The Australian Competition and Consumer Commission is shaping up for what could be a test of whether competition law can be used to protect diversity of news and information.
This morning ACCC head Graeme Samuel told Crikey his inquiries into the Macquarie Media-Fairfax carve-up of Southern Cross Broadcasting would include a region-by-region “qualitative” assessment of the impact on the market for news and information, and local news in particular.
Given that the Macquarie-Fairfax deal is the first merger made possible by the new media ownership laws, Samuel’s role could be crucial.
The investigation could develop into a test of what Samuel has always claimed: that the combination of competition law and ACMA’s powers will be sufficient to protect media diversity.
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The significance of last Friday’s announcement by the ACCC seems to have been missed by the business media and proponents of media diversity.
Samuel’s inquiry will invite submissions and he clearly expects to hear from the National Party MPs and others who are concerned about a further reduction in sources of local content, given that Macquarie Media are syndicators and “hubbers” of news par excellence.
Ever since 2005 Samuel has consistently indicated, that he is ready to grapple with “the market place of ideas” as though that phrase is more than a metaphor.
Plenty of experts on competition law are sceptical about whether it can really be used in this way. Is it possible to define a “market” for news and information, given that most media organisations don’t charge for their content, and key “market advantage” issues such as quality and credibility are almost impossible to define?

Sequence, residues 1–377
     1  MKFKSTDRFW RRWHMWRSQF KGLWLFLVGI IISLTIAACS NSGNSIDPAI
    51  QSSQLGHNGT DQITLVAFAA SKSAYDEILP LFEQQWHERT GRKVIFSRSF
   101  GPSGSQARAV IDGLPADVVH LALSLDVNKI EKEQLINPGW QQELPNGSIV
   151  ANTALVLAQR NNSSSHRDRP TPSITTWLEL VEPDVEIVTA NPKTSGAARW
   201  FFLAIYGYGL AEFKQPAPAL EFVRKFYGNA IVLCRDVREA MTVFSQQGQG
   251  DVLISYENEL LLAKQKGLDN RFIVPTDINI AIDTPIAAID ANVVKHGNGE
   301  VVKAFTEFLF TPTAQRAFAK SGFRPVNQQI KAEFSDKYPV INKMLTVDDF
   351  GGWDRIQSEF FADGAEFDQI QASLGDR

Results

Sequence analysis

In a discussion paper released in August last year, he said that the ACCC would consider whether a merged media business might “exercise market power by reducing the quality of the content it provides consumers, which could include reducing the diversity of the content it provides.”
And here the ACCC signalled that in considering media mergers, it would consider three main markets:
The supply of advertising opportunities to advertisers; the supply of content to consumers; and the acquisition of content from content providers. Other more specific products – such as premium content; classified and display advertising; and the delivery of news, information and opinion – may also be critical when considering particular mergers.
All this is of potential significance to the Macquarie-Fairfax move.
Samuel emphasized this morning that his process would not duplicate that already gone through by ACMA, which has approved the deal subject to Macquarie agreeing to sell some assets.
But the ACCC analysis, he said, would be “qualitative” whereas the ACMA process was necessarily “quantitative” and focused on the “number of voices” test written into media ownership legislation.
So is Macquarie worried? A spokeswoman said this morning that the group had always understood Samuel’s inquiry was “on the cards”, but declined to comment on what specific markets the group expected Samuel to investigate.